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Rise of the Sound Engineer

Bing Crosby

For decades after the invention of the phonograph, fidelity was the central goal of audio recording. Edison had sung “Mary had a little lamb,” and listen! You could hear him doing so!
The general attitude was that the more faithful the sound you heard was to the sound he had originally made, the more successful the recording. That was the point … right?

But beginning at the time of the Second World War, and with increasing technical sophistication in the 1950s … Continue Reading

Romanticism and Beethoven: Part Two

Emperor Napoleon

Napoleon made himself “Emperor” in 1804, losing the admiration of a generation of Europe’s intellectuals and artists.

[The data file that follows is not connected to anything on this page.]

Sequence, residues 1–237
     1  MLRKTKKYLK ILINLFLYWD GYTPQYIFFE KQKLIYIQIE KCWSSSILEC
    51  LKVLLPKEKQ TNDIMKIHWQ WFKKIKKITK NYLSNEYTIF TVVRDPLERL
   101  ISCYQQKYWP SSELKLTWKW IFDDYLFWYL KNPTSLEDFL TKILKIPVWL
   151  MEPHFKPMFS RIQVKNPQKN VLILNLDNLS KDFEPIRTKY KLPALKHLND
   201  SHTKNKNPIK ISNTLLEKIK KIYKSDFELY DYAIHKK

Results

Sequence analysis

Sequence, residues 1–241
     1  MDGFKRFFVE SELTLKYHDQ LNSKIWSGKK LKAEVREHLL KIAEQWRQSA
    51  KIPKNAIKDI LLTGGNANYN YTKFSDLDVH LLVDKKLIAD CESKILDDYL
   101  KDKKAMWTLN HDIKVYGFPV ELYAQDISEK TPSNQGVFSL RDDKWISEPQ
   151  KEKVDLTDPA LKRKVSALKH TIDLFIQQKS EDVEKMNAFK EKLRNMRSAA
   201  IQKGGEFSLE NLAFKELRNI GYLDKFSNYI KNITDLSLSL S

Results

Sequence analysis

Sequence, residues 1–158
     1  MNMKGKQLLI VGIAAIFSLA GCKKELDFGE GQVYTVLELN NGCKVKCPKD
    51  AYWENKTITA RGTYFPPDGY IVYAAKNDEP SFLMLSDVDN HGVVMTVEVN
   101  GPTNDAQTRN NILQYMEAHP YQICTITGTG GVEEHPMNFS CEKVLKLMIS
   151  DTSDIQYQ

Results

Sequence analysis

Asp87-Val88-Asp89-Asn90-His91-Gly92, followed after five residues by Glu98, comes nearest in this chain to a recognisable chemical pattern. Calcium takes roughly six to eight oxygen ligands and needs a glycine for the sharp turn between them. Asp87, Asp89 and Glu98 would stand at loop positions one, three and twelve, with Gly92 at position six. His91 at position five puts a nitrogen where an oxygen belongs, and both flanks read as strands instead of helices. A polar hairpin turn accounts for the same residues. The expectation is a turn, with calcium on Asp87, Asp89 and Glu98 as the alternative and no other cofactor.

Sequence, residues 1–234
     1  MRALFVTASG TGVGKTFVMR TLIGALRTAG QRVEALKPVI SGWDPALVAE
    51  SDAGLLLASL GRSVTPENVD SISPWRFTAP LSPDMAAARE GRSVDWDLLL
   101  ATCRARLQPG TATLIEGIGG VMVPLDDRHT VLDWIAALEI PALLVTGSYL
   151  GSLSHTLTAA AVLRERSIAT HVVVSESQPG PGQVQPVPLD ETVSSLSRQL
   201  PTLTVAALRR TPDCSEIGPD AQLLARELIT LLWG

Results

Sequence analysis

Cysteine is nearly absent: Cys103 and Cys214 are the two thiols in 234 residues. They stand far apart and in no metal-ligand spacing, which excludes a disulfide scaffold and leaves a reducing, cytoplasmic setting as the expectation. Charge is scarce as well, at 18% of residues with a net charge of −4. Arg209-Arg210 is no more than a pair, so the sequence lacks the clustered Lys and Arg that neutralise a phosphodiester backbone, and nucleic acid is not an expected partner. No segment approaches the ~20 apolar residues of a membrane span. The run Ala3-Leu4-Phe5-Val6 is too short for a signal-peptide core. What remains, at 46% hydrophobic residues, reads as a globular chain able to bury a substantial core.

In the last entry, I discussed romanticism from a bird’s-eye view, using some sweeping definitions. But I did my best at the same time to suggest the nature of the achievement of the early years of a flesh-and-blood composer, Ludwig van Beethoven, in the late eighteenth century and at the very beginning of the nineteenth.

Heroism and Its Disappointments

In this entry, I will … Continue Reading